TRG Info and Advice


The History of Teppanyaki

Since ancient times in Japan, the cooking method of toasting food over an open flame has been in existence. In the beginning, the food was barbecued over an open fire, then cooked over a wood-fired oven. There was, also, a period when the food was baked on woven wire mesh. After the Edo Period (1603-1867), cooking with a shichirin (a small, portable charcoal grill) became common. At that time, iron and other metallic materials were so precious that an iron plate was rarely used as a cooking tool.

Supposedly, cooking on an iron plate originated during the post-war period, when food was cooked on scrap iron plates from airplanes or cars and sold at stalls and black markets. During this same period, a time when food was scarce, the grilled dishes were given more body by adding a few vegetables, water and flour. Among teppanyaki dishes, this is, supposedly, the origin of okonomiyaki (savory pancakes) and monjayaki (grilled batter with ingredients).

Because teppanyaki was seen as an easy way of cooking food, the style rapidly spread. It is often enjoyed at restaurants, festivals, and outdoor events where a lot of people gather. Nowadays, electric hot plates are common and teppanyaki can easily be enjoyed at home.

What is teppanyaki?

Teppanyaki is the name of a cooking method, and it’s no stretch to say that any dishes cooked on an iron plate can be called teppanyaki. Teppanyaki dishes range from reasonable ones such as okonomiyaki and monjayaki, to fancy menus, including steaks and burgers.

At restaurants, teppanyaki dishes are usually prepared by a chef right before the guests’ eyes, or diners cook the food by themselves on an iron plate attached to the table. They can see, therefore, the preparation process of the meals they eat. That stimulates the senses of sight, hearing and smell, and whets the appetite. Besides all that, the food is fresh and hot!

If hot plates are used, it is not necessary to go to restaurants and you may easily enjoy teppanyaki in a large group with your friends or family.

The Difference Between Teppanyaki and a Skillet
The biggest difference is the temperature.

When a skillet is used over a gas range, some parts of the pan are heated directly by flames but some parts are not. Therefore, food on the skillet is not evenly heated and starts to give off excess water.

On the other hand, iron plates used at restaurants are evenly heated and excess water evaporates. Therefore, the food cooked on an iron plate keeps its original flavors inside and can be deliciously prepared.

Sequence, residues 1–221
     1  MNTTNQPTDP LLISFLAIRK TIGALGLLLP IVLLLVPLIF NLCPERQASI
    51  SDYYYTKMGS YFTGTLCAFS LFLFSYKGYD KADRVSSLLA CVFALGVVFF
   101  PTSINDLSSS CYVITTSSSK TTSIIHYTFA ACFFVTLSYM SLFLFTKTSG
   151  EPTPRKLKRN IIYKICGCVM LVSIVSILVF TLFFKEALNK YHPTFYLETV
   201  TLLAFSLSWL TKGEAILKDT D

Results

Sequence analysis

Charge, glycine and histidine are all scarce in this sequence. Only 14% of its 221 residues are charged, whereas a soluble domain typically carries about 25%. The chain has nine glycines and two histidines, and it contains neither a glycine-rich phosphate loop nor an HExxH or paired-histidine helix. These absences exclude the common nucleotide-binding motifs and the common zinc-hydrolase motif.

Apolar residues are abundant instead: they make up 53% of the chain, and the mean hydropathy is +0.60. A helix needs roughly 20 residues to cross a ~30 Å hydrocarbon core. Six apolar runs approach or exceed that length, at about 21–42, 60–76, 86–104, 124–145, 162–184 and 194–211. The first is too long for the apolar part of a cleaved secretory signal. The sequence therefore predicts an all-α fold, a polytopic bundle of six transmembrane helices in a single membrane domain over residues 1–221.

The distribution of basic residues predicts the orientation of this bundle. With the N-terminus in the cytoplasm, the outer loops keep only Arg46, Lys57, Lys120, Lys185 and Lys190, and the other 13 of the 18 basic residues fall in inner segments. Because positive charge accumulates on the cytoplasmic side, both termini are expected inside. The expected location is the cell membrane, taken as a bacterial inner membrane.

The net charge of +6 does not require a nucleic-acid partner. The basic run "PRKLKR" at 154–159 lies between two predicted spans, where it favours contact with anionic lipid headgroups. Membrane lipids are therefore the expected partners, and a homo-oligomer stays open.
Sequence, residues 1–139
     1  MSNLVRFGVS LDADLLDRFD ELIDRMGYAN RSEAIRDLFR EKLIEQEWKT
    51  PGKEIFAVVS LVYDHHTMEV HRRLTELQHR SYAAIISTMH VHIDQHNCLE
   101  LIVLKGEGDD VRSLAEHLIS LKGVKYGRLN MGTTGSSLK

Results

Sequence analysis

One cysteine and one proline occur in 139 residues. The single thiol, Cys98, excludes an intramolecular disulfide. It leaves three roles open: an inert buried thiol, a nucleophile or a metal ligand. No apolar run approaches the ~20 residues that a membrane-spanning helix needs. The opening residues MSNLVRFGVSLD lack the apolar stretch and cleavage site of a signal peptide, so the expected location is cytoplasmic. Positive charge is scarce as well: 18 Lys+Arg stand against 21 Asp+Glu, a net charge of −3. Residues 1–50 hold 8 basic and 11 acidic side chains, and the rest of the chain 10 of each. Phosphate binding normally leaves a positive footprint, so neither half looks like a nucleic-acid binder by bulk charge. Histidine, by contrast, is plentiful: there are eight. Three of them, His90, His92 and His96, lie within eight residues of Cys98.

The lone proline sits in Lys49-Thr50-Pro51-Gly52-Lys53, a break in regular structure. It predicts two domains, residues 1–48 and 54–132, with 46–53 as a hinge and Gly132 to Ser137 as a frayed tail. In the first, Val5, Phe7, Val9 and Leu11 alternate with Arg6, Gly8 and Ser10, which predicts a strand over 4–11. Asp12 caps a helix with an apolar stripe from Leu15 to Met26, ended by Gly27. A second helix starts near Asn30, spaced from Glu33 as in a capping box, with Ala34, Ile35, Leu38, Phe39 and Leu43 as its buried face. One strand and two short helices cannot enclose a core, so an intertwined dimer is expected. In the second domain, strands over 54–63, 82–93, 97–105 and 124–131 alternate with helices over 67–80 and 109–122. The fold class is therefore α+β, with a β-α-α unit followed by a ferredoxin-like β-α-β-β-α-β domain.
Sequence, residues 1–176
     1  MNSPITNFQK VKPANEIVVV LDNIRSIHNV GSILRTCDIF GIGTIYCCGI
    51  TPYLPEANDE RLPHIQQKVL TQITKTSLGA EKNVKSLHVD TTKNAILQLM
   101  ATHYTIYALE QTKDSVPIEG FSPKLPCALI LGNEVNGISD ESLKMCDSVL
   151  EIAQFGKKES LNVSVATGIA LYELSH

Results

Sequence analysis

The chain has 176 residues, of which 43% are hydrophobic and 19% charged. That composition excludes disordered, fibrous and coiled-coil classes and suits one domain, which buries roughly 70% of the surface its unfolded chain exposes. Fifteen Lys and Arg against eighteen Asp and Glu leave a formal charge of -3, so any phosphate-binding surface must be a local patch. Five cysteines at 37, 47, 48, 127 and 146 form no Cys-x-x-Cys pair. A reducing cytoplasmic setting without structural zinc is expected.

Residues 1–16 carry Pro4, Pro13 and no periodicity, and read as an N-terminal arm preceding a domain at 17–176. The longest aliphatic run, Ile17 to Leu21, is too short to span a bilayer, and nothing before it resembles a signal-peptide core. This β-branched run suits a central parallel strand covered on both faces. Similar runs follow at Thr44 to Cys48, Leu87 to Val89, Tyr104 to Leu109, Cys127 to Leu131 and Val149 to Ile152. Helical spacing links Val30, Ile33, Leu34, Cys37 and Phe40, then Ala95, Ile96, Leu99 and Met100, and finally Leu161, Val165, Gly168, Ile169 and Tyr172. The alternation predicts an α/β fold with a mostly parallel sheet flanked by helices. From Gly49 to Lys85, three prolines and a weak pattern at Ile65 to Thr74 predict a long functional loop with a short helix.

Teppanyaki Dishes

Okonomiyaki (savory pancakes)

Okonomiyaki is a dish made by using wheat flour mixed with water as a batter, and vegetables, meat and seafood as ingredients. Everything is grilled on an iron plate and seasoned with sauce, mayonnaise and powdered green laver. Grilling methods and ingredients vary from region to region, as do ways of making okonomiyaki, such as “Kansai-style Okonomiyaki” and “Hiroshima-style Okonomiyaki.”

Monjayaki (grilled batter with various ingredients)

A heated iron plate is greased with oil. Flour is mixed with water and various ingredients, including vegetables, meat and seafood, and the mixture is then grilled on an iron plate. Once grilled, monjayaki is eaten topped with Worcester sauce or mayonnaise if desired.

Yakisoba (stir-fried noodles)

Yakisoba is a dish made by stir-frying Chinese noodles with meat (such as pork), vegetables (including cabbage and bean sprouts), and seafood (such as squid and shrimp), and then seasoning it with Worcester sauce, salt or soy sauce. Yakisoba is easy to make, so it is often sold at school festivals. Yakisoba fastidiously made with special noodles, ingredients and seasonings, is used as a B-grade cuisine item (local fare and low price cooking) to revitalize areas all around Japan.

Yakiniku (grilled meat)

Yakiniku is thinly sliced meat, grilled on either woven wire mesh or an iron plate. By grilling on wire mesh, excess fat and water can be removed, while teppanyaki can seal the fat and juices in and make the meat tender and juicy. All of the meat is evenly heated and not charred.


Sliced beef is grilled on an iron plate. When grilled on an iron plate, the meat is heated evenly and its succulent fat is sealed in, making it possible to enjoy the original flavors of beef.

Hanbagu (burger steak)

Burgers grilled on an iron plate keep the flavors of the meat as it is heated evenly. The juices given off from the meat and the sauce intertwine well and enhance the taste of the burger steak. Teppanyaki burger steaks are fluffy on the inside and savoury on the outside.

Jingisukan [Genghis Khan] (grilled lamb)

Jingisukan is lamb grilled on a special, dome-shaped iron pan. Lamb is grilled on top of the dome and the vegetables are grilled at the edges around the dome, in the savory fat and juices given off from the meat.

Kaisen-yaki (grilled seaweed)

When grilled on an iron pan, all of the flavours of the seafood are sealed in. But, the greatest feature of kaisen-yaki, is that you can enjoy a wide variety, such as fish, clams, squid, shrimps, and others, all at the same time.

More links to whet your appetite for learning about Japan and all things Japanese